• Xia, C., Wang, M., Cornejo, O.E., Jiwan, D.A., See, D.R., Chen, X. (2017). Secretome characterization and correlation analysis reveal putative pathogenicity mechanisms in the wheat stripe rust fungus Puccinia striiformis f. sp. tritici. Frontiers in Microbiology 2017;00-12. doi: 10.3389/fmicb.2017.02394.
  • Livingstone III, D., Stack, C., Mustiga, G., Rodezno, D., Suarez, C., Amores, F., Feltus, A., Mockaitis, K., Cornejo, O.E., Motamayor, JC. (2017). A large chocolate chip – development of a 15K Theobroma cacao L. SNP array to create high-density linkage maps. Frontiers in Plant Science 8:2008.
  • Cornejo OE*, Hickey RJ, Suzuki H, Forney LJ*. (2017). Focusing the diversity of Gardnerella vaginalis through the lens of ecotypes. Evolutionary Applications 2017;00:1–13.
  • McManus KF, Tavarella A, Henn B, Bustamante CD, Sikora M*, Cornejo OE*. (2017) Population genetic analysis of the DARC locus (Duffy) reveals complex evolutionary history of a malaria resistance locus. PLOS Genetics 13(3): e1006560. doi:10.1371/journal.pgen.1006560. (Highlighted in Science, Mar 2017: Dramatic evolution within human genome may have been caused by malaria parasite)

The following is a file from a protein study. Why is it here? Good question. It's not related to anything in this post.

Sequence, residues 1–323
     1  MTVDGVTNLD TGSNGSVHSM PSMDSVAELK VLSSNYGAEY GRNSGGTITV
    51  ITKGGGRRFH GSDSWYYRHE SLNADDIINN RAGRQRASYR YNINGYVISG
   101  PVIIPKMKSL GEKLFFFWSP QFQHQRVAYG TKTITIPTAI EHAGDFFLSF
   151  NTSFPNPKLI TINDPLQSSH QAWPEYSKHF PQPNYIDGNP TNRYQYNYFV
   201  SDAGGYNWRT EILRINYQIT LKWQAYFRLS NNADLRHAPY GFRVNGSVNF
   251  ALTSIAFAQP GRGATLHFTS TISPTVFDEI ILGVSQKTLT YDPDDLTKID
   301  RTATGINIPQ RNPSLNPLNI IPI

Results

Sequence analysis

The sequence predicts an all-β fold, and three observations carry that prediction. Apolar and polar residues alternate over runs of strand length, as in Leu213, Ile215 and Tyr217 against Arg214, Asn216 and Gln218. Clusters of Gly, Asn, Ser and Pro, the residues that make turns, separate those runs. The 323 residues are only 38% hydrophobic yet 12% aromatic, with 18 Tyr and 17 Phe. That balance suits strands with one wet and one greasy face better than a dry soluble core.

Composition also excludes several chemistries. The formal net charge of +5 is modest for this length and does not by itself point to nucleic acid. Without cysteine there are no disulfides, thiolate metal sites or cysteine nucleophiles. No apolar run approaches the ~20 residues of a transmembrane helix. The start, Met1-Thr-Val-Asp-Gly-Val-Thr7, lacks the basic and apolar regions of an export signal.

• Cornejo OE, Fisher D, Escalante AA. (2015) Genome-wide patterns of genetic polymorphism and signatures of selection in Plasmodium vivax. Genome Biology and Evolution. 7(1): 106-119. (Highlighted in Nature Reviews Microbiology in the News and Analysis – Genome Watch section, March 2015)